And note, sigh: If you are using OpenOffice 3.1, that should work. If you are using OpenOffice 3.2, change the last part of the....
oForm = oForms.getByName("Standard")
oForm = oForms.getByName("Form")
At this time, you may want to arrange the three windows you are currently using.....
... so that you can see "everything" (or at least bits of each, subject to scrolling!) at once: The two buttons, the text you are reading now, and the macro code.
Getting back to working with the macro....
In the macro code editing window, just below the menu bar, here is a pulldown which is described as "Current Library" if you hover your mouse, and to the left of that a stack of paper with a down-pointing blue arrow, and to the left of that a button with a right-pointing green arrow. (Hover your mouse, and that button is described as "run BASIC".)
Click that button now. You should see buMagenta turn magenta.
oPushButton.backgroundcolor = &HFF00FF
oPushButton.backgroundcolor = &H0000FF
... and click the "runBasic" button again, and you should see buMagenta turn blue.
Don't worry... we're going to take the macro, etc, forward in a moment. But first a little detail....
oPushButton.backgroundcolor = &H0000FF
We are changing the BackGroundColor property of our button. The color is "coded" with a number. If we'd said.....
oPushButton.backgroundcolor = 255
... I bet you'd be quite happy? Try it. It is another way of making the button blue. So what's this "&H0000FF" stuff?
The "&H" bit says that we're going to write a number, but in hex instead of the system we normally use. "System we normally use???" Yes... there are lots of ways to write a number. Twelve is 12 is a dozen, isn't it? Hex is just another way. (12 is written in hex as C !)
But you don't need to know much about hex to do colors.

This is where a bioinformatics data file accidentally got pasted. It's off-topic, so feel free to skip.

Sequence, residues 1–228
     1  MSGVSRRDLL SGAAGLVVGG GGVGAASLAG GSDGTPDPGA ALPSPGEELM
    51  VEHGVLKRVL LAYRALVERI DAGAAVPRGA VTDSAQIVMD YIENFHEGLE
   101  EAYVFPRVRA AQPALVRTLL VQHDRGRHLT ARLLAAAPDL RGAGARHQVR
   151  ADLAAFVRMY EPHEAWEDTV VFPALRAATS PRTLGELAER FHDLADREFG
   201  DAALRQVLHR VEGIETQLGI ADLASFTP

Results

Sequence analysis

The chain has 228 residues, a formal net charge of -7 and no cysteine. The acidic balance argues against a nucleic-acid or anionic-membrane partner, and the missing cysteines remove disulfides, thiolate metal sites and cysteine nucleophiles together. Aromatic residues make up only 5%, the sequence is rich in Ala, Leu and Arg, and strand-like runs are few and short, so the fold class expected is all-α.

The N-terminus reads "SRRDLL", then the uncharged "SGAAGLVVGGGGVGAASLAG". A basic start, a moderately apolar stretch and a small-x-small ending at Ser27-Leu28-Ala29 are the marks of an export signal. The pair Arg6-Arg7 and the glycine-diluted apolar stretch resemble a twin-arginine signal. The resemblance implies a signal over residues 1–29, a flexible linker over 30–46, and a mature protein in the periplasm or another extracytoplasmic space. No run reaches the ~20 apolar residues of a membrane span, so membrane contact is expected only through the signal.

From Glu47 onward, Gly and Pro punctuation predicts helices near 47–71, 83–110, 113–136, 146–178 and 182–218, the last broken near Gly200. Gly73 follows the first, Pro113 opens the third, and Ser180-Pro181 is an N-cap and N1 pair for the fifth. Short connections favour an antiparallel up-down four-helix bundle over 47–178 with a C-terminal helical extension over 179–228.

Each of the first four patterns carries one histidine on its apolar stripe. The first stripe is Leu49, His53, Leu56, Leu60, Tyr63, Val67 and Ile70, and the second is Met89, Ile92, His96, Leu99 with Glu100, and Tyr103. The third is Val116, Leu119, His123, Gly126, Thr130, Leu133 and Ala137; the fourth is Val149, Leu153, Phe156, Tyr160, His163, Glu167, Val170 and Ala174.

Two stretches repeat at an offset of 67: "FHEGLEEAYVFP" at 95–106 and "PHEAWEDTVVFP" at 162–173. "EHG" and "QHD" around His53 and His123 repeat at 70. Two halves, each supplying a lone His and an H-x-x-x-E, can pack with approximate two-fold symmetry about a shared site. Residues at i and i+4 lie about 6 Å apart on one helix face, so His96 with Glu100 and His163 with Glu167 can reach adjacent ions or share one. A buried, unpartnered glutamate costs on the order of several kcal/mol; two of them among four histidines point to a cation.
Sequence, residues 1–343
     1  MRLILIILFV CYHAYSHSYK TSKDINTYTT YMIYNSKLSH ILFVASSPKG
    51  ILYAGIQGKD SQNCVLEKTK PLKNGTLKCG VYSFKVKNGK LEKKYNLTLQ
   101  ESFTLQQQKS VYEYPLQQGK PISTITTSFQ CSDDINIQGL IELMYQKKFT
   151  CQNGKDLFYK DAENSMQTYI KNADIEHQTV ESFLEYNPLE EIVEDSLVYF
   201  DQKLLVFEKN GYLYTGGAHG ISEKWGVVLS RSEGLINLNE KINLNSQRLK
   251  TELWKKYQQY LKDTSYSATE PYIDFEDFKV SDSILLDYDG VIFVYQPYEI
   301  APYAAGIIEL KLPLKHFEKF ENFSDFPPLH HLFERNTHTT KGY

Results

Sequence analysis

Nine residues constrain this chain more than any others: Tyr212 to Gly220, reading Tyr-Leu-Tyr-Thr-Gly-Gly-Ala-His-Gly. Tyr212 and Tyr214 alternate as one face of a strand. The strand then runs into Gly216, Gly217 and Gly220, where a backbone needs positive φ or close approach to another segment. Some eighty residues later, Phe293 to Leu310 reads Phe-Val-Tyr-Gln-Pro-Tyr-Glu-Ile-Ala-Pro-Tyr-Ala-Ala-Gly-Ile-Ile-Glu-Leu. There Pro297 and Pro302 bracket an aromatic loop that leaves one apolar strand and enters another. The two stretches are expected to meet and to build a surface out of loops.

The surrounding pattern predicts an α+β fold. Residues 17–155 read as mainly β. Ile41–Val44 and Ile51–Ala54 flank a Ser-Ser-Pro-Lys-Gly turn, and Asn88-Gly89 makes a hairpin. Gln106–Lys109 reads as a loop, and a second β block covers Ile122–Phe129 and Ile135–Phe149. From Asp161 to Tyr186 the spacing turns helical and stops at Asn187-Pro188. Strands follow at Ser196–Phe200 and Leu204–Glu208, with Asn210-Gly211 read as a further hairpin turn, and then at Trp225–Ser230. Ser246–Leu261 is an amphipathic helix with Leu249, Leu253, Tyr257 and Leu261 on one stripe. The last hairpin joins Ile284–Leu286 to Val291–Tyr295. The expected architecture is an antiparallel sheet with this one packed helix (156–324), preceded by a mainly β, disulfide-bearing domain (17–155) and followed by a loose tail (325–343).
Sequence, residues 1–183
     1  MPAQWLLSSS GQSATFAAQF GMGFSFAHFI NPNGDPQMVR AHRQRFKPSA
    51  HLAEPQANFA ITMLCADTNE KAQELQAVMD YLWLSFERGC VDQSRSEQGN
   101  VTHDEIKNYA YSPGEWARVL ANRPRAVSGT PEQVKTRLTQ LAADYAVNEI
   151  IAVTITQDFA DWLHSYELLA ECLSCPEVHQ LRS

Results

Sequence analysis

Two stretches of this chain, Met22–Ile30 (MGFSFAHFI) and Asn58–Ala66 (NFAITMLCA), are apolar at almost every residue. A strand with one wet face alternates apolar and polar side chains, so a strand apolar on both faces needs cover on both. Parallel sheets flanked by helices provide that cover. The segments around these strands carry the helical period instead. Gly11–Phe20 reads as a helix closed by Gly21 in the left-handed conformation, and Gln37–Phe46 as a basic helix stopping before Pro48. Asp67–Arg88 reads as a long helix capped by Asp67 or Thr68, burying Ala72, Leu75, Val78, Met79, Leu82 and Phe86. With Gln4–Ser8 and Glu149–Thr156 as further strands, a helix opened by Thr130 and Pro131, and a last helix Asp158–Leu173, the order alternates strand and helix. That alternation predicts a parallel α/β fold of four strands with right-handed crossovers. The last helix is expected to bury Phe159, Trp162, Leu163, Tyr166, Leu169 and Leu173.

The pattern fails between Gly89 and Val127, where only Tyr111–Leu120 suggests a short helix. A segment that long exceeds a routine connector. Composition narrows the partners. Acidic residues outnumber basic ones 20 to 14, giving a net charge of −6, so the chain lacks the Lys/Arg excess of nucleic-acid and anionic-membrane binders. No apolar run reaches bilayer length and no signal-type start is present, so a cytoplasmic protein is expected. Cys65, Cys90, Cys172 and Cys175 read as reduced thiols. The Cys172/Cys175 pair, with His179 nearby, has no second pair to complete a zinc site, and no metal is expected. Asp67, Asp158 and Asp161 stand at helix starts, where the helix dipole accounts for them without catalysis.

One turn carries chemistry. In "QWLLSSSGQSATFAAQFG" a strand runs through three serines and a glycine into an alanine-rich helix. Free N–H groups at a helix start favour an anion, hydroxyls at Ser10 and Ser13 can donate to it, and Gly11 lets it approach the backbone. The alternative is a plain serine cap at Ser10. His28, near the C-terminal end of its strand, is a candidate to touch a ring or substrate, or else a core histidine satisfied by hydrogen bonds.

Red is &HFF0000, Green is &H00FF00, Blue is &H0000FF
In each case, you start with "&H" to say that what's coming is in hex.
Then you have three pairs of characters. Each can be any combination of digits or letter up to F.... so all of the following are okay:
The first pair of characters determines how much red there is in your color... 00 resulting in no red, FF resulting in maximum red. The second pair determines how much green is in your color, and the third pair determines how much blue there is in your color.
At the moment, we can change the color of buMagenta... but when we change the color, we can't change it back without changing the macro code. And the button on the ooWriter document doesn't do anything. We're going to fix both of those problems.
Although it won't, by itself, fix either problem, insert the following in the macro editing window, at the top, just below the "REM *** BASIC ***". Yes- it is very similar to the other code you already have there, and, yes- when you've done this the "runBasic" button no longer runs your original code... it now runs the new subroutine, "MakeCyan".
Sub MakeCyan Dim oThisDoc As Object Dim oForms as Object Dim oForm as Object Dim oPushButton As Object oThisDoc = thisComponent.getDrawPage() oForms =oThisDoc.getForms() oForm = oForms.getByName("Standard") oPushButton = oForm.getByName("buMagenta") oPushButton.backgroundcolor = &H00FFFF End Sub
Try the "runBasic" button, and buMagenta's color should go cyan
Make sure you are in the design mode in the ooWriter window. If you are, right clicking on the button labeled "Cyan" should bring up a menu with "Control" on it. If there is no "tick" in front of it, click it. The menu will go away, but "Control" will now be ticked. When control is ticked, and the document is in design mode, then somewhere on your screen should be a window titled "Properties". As you have just clicked on buCyan, you will be looking at the properties window for buCyan. It has two tabs. You want the "Events" tab.
Click on the button to the right of "Mouse button pressed." (It has "..." in it.)
In the window that ensues, click on the "Macro" button below the "Assign:" label, over to the right.